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Please excuse my choice of wording and/or mixup of terms, I am a dummy when it comes to socket programming. I am trying to connect to a TCP server, write a message and process a response. I use the following code:

Dim tcpClient As Sockets.TcpClient = New TcpClient()

tcpClient.Connect(hostname, 9080)

Dim networkStream As NetworkStream = tcpClient.GetStream()

If networkStream.CanWrite And networkStream.CanRead Then

    Dim sendBytes As [Byte]() = Encoding.ASCII.GetBytes(body)
    networkStream.Write(sendBytes, 0, sendBytes.Length)

    Dim bytes(tcpClient.ReceiveBufferSize) As Byte
    networkStream.Read(bytes, 0, CInt(tcpClient.ReceiveBufferSize))

    Dim returndata As String = Encoding.ASCII.GetString(bytes)
End If

I can see the server logs and notice that the server only ever reads from the socket when I stop debugging. It then processes the message and sends a response (which is a bit late as my client is not listening anymore).

It seems the networkStream object needs to be closed first. However, if I do this I can not process any subsequent response. Do I need to 'signal' to the server that I have finished writing? Do I need to use a different model altogether?

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Did you code the TCP server as well? If so, can you post the code that handles an incoming connection? – ristonj Nov 24 '09 at 14:30
Good point (hence upvote :)). I do not have access to the TCP Server source. – martijn_himself Nov 24 '09 at 14:37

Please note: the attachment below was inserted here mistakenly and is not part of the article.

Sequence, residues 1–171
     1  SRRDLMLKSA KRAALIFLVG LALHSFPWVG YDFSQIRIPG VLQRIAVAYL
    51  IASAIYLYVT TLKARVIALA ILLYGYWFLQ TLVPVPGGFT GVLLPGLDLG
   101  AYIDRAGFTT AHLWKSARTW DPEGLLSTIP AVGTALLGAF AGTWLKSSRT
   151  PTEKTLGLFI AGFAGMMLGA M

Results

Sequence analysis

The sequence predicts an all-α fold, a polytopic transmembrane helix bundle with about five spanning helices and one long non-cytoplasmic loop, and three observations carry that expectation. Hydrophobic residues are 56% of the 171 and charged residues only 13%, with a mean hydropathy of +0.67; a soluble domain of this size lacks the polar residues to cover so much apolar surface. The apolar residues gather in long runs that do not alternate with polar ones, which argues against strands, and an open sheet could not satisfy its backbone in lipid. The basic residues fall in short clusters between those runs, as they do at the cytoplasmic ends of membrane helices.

up vote 1 down vote accepted

Closing/disposing the NetworkStream should not be necessary, but I would question the manner in which the data is being sent. Did you write the server? I would expect either a length prefix on the data being sent (and received) or a termination character or phrase. If you just write the data like that, the server can't know how much of the data it should read.

The same goes for the receiving code. You're simply trying to read up to the ReceiveBufferSize rather than using a length being sent to you by the server.

Are you certain that the protocol you're using doesn't include these elements?

Also, bear in mind that Read as with most/all other Stream objects, does not guarantee that you'll get the number of bytes you request. It will read up to that number of bytes and the return value of the function indicates how many were read. You typically have to set up a loop structure to get a specific number. Something like...

int bytesToRead = 1024; // sample
int totalBytesRead = 0;
int bytesRead = 0

while(bytesToRead > 0)
    bytesRead = stream.Read(buffer, totalBytesRead, bytesToRead);

    if(bytesRead == 0) throw new Exception("Connection closed");

    totalBytesRead += bytesRead;
    bytesToRead -= bytesRead;

This is somewhat more verbose than a typical implementation to give you an idea of what needs to be happening. Something more typical would be:

int bytesToRead = 1024;
int bytesRead = 0;

while((bytesRead += stream.Read(buffer, bytesRead, bytesToRead - bytesRead) <= bytesToRead - bytesRead) { }
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